By Miranda Paul
If you’ve never been jealous of other writers’ successes, stop reading and go check your pulse. Fellow mortals trying to get a book published, read on.
In 2010, I became wedded—for better or worse—to the idea that I would write picture books.
That same year, life hurtled challenges at my newfound love. The New York Times ran an article titled: “Picture Books No Longer a Staple for Children”. Scholastic reported reduced production of hardcover children’s books. My writer friends began declaring that “the good ol’ days” of submitting unsolicited manuscripts and getting timely answers were long gone. (And some of those nostalgic conversations took place in our state’s largest children’s bookstore which would eventually close its doors after two decades.)
The “for worse” part of my vow to write picture books had arrived pretty darn quick.
I spent a few months comparing myself to others. How did so-and-so get a book deal so quickly? Why did a friend’s manuscript snag editor attention, while mine was thrown under the bus at a thoroughly dehumanizing live pitch session?
Like a suspicious lover, questions plagued me. There must be some conspiracy I wasn’t privy to, I thought. I became obsessed with investigating everyone else’s path to publication. I spent entire days scrolling people’s news feeds in an attempt to unravel the “secret” to getting published. Nearly a year passed and I hadn’t even begun submitting my work—that is, if I had anything worth submitting.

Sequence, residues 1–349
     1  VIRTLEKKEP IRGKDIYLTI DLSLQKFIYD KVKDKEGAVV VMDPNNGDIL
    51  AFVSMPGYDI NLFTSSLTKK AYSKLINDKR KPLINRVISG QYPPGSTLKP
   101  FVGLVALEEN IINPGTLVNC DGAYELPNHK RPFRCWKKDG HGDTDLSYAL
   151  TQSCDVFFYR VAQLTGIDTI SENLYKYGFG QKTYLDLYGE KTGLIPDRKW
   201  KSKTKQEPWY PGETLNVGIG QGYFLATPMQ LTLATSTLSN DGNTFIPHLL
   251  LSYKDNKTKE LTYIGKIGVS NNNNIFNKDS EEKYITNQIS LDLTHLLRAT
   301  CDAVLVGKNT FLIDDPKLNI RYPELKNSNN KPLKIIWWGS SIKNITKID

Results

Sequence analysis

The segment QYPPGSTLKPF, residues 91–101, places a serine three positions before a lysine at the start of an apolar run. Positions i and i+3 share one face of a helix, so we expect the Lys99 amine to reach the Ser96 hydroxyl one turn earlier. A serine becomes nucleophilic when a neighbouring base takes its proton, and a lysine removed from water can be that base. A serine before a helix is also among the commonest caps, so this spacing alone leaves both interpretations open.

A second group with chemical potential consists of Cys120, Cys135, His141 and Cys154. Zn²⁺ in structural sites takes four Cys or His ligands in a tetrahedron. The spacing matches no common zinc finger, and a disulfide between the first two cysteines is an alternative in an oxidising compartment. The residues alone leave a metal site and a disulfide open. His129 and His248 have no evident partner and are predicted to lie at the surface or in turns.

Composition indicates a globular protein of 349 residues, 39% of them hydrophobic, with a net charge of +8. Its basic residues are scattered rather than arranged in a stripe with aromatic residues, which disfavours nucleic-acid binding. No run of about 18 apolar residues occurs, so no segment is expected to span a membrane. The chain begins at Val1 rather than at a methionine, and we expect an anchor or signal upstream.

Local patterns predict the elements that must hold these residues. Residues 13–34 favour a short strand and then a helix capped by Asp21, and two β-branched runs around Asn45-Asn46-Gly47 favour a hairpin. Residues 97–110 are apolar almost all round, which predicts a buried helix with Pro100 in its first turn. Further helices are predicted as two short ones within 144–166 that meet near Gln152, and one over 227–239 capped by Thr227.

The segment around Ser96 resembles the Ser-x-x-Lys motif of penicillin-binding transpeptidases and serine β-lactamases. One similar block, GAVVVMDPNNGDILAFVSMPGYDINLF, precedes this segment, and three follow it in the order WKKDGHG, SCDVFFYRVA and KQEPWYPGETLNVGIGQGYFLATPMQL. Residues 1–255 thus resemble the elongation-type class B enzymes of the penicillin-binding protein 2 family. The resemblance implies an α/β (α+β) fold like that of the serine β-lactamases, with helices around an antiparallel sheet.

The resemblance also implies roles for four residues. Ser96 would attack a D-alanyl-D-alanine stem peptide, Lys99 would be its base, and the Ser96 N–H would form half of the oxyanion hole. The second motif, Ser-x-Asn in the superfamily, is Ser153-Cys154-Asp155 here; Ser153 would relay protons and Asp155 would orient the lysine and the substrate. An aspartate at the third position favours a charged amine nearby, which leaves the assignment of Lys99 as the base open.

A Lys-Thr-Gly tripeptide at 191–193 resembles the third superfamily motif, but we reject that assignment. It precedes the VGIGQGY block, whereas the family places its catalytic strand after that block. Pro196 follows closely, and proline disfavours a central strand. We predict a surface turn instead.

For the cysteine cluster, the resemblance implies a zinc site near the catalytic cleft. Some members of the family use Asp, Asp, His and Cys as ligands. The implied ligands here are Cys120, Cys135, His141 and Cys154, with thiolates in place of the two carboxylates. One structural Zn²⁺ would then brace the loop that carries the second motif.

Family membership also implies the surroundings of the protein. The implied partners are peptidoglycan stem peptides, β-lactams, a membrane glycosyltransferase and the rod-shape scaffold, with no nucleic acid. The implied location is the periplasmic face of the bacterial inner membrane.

What I didn’t realize during my investigation was that each success story was igniting jealousy. Slowly, that inferno was feeding on my original passion for writing and my ability to produce new, good work. In addition to becoming consumed with the publishing part of writing, I sometimes “forgot” or got "too busy" to check in with and congratulate some of my own friends on their good news. Although I never acted or said anything rash or mean, this self-absorbedness wasn't typical of my kind-natured, supportive self.
One day, when my real-life husband came home from work and asked what I’d written that day (which, it turns out, was NOTHING) I realized I'd been cheating on myself. I was having an affair with jealousy, who turned out to be nothing more than a distraction and a control freak. I’d spent days pining over the nuts and bolts of getting published instead of nurturing my craft and shaping myself into the writer I wanted to be. I lost a lot of precious time that I could have spent actually writing or revising.